Role of retinol binding protein 4 in hepatic steatosis

Authors


  • Potential conflict of interest: Nothing to report.

To the Editor:

Using HepG2 cell, Xia et al.[1] revealed that retinol binding protein 4 (RBP4) activated critical lipogenic transcription factors of sterol regulatory element-binding protein-1c (SREBP-1c) and liver X receptor through the stimulation of peroxisome proliferator-activated receptor-γ coactivator 1β (PGC-1β). The stimulatory effect of RBP4 on SREBP-1c activity associated with hepatic lipogenesis was ensured also in vivo. Xia et al. conclude that the activation of SREBP-1c by RBP4 is fully dependent on up-regulation of PGC-1β, because RBP4 did not exhibit lipogenic effect in PGC-1β-knockout mice. In the associated editorial,[2] Dr. Maher raises an important question of whether RBP4 is directly linked to hepatic lipogenesis, but neither Xia et al. or Maher address the issue about the unidentified hepatic receptor of RBP4. The only known receptor for RBP4 is a receptor stimulated by retinoic acid-6 (STRA6), which is expressed in several tissues, including retina, brain, spleen, thymus, female genital tract, testis, muscle, and placental endothelial cells (and in small quantities in heart and lung), whereas STRA6 has not been identified in the liver.[3] Until the discovery of the hepatic receptor of RBP4, the metabolic link between RBP4 and fat is not confirmed. Recently, Alapatt et al.[4] reported that RBP4 receptor-2 (RBPR2), which is primarily expressed in the liver and intestine and induced in adipose tissue in obese mice, is likely to mediate effects of RBP4 on insulin action and glucose homeostasis in the capacity of an RBP4 receptor. To define the role of RBP4 in lipid metabolism, it would be necessary to investigate the effect of RBP4 also under the condition of knockdown of RBPR2.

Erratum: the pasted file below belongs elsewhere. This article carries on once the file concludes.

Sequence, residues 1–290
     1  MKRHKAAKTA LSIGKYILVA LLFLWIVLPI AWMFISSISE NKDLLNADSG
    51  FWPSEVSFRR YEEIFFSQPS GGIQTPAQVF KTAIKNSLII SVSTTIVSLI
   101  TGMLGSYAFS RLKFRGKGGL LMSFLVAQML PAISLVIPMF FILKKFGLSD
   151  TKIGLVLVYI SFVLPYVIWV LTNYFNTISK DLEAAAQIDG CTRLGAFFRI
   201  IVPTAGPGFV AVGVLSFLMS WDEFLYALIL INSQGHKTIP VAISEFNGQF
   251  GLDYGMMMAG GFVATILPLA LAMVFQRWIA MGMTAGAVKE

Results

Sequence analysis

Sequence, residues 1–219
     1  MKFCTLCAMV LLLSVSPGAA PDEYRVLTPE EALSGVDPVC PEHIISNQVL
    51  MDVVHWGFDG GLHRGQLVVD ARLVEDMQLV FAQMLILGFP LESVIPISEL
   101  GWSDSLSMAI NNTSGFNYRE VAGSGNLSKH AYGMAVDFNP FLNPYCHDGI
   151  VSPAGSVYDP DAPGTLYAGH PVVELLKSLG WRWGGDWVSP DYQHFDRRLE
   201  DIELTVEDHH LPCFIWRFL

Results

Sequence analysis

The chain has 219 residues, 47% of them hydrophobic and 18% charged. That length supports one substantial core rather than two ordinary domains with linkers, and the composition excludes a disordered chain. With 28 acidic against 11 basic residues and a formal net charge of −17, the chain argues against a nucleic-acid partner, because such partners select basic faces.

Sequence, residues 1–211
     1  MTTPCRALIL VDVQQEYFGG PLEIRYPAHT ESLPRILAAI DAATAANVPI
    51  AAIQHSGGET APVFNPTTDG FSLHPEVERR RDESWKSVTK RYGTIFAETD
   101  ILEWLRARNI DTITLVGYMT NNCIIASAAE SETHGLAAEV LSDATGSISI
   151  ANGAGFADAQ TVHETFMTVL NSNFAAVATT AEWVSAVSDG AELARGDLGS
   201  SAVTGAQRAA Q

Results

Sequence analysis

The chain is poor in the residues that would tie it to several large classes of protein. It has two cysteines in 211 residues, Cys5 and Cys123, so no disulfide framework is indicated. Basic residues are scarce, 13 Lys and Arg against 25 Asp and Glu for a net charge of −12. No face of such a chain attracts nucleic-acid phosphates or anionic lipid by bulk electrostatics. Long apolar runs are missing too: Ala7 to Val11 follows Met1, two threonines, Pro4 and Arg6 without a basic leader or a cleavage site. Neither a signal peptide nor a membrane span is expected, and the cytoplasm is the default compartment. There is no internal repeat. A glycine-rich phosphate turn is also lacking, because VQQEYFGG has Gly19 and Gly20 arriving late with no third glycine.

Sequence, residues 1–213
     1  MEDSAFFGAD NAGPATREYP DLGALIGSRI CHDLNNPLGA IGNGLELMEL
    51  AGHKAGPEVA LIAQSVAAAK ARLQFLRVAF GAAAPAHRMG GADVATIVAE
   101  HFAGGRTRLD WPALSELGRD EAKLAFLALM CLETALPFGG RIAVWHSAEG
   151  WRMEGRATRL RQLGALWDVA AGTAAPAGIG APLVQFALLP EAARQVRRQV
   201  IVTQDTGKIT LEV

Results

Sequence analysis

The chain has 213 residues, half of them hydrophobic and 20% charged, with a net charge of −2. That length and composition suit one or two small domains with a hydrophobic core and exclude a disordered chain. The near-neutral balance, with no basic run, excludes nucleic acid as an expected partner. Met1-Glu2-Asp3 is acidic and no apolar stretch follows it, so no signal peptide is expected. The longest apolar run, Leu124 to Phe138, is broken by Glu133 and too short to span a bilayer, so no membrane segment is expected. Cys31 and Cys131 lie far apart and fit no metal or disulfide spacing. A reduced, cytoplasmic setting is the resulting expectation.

PGC-1β has been thought to be a coactivator of lipogenic transcription factors, leading to lipogenesis. However, a recent study suggests that PGC-1β plays dual roles in regulating hepatic fatty acid metabolism by controlling the expression of programs of genes involved in both fatty acid oxidation and de novo fatty acid synthesis, because PGC-1β-deficient mice were outwardly normal, but exhibited a significant increase in hepatic triglyceride content at 6 weeks of age.[5] The lipogenic effects of RBP4 shown by Xia et al. might be time-dependent.

  • Tetsuji Fujita, M.D.

  • Department of Surgery

  • Jikei University School of Medicine

  • Tokyo, Japan

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